The victory by Dan Barrett in the District 97 runoff is astonishing. This is a solid Republican district. Barrett went into the runoff with a 1,558 vote lead over Mark Shelton. The other five Republicans had amassed 7,886 votes between them. If both candidates held onto their votes from the first election, Shelton needed only 19.7% of the voters for the losing Republicans in order to overtake Barrett. He didn’t get them, and he didn’t get them for the right reason: Na na na na na, cheaters never win. Without those last-minute, unattributed robo-calls undermining Bob Leonard, Shelton would never have made the runoff. Leonard was ahead in the early voting.
Shelton ran a bad race. He waffled about the robo-calls. He had bad campaign materials. One Republican voter told me about getting a flyer from Shelton that talked about his being an Eagle Scout and all three of his sons being Eagle Scouts — and then viciously attacked Barrett, a trial lawyer, undermining the character issue Shelton was trying to promote. Then there was his open endorsement of Tom Craddick. Why do it? Which voters were going to think to themselves, “I have to go vote for Shelton so that Tom Craddick can be speaker”? I wonder whether Craddick wanted Shelton to go public so that, expecting Shelton to win, he could make the race a referendum on himself. Be careful what you wish for.
Since Tom Craddick became speaker, the Republicans have lost a net nine seats. The Republican majority has shrunk from 26 to 8. Craddick has argued in appearances before Republican groups that if he loses the speakership, the Democrats win, but the evidence suggests that the opposite is true: Because of him, Republicans are losing their majority. You have to think that at some point Republican candidates in contested races against Democrats, or even in Republican primaries, are going to ask themselves whether Craddick is a benefit or a burden. And, for that matter, you would think that at some point Republican honchos, from Rick Perry down to the money guys and the consultants and the lobbyists, would start to worry that he could cost them their majority. If this isn’t part of the Republican conversation, it had better be.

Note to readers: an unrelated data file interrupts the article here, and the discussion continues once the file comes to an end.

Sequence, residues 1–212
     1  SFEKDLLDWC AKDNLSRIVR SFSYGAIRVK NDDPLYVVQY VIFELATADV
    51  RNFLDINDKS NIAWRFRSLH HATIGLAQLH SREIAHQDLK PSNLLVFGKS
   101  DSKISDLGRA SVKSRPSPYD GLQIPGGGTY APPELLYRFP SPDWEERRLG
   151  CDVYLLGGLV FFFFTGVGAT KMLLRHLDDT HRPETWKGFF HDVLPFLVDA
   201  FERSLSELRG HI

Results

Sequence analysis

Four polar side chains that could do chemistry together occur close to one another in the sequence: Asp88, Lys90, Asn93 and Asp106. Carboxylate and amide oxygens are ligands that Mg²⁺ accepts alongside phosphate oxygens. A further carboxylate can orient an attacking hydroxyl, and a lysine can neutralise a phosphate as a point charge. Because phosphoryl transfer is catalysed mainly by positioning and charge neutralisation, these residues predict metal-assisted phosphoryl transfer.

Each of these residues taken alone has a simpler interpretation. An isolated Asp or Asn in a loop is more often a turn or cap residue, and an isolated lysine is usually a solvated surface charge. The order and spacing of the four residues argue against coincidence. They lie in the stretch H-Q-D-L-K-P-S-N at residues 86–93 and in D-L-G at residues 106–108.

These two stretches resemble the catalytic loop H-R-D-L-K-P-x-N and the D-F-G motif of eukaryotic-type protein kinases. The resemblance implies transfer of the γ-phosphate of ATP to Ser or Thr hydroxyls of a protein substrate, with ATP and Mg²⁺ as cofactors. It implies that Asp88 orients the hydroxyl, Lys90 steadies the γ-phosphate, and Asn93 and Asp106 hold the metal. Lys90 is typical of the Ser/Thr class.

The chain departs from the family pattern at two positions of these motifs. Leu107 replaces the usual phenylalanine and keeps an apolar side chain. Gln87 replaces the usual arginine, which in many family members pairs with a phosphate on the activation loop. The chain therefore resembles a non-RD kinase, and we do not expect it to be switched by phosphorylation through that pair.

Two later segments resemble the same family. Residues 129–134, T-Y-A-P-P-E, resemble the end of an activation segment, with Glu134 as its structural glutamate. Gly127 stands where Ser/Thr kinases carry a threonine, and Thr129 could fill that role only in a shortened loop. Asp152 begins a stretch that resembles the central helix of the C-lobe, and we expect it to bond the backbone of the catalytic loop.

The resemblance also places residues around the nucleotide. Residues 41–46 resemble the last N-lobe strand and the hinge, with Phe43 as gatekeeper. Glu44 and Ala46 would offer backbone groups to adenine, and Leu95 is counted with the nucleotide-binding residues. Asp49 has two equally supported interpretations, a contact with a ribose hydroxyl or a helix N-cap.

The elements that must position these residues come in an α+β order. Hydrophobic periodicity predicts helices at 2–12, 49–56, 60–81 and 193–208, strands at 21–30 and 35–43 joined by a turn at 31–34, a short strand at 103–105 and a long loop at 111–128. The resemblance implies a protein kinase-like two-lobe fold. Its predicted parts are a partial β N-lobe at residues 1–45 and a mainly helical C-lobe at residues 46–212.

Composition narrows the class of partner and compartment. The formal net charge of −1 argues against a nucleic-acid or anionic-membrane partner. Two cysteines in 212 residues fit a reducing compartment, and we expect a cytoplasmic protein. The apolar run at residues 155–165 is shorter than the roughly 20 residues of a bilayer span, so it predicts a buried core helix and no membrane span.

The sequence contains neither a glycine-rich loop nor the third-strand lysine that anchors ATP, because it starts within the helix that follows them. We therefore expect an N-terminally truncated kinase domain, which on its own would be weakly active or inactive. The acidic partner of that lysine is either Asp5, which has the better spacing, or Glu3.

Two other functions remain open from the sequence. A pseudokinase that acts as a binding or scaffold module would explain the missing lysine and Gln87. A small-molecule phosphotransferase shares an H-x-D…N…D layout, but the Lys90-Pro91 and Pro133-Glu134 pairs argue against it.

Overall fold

I feel called upon to confess error here. I said it was all but impossible for the Democrats to win this race. I said that ParentPAC was taking an unnecessary risk by getting in this race. I was going with the percentages, but the percentages were wrong, and so was I. The lesson I am taking from this race is that Democrats are more motivated than Republicans and their campaign techniques appear to be superior to Republicans. As Burnt Orange Report observes today, “We’ve not even had a single vote cast the 2008 primaries, and there are now 71 Democrats in Texas House.”
Can Barrett hold the seat in the general election? It seems unlikely–but it was unlikely that he could win this race.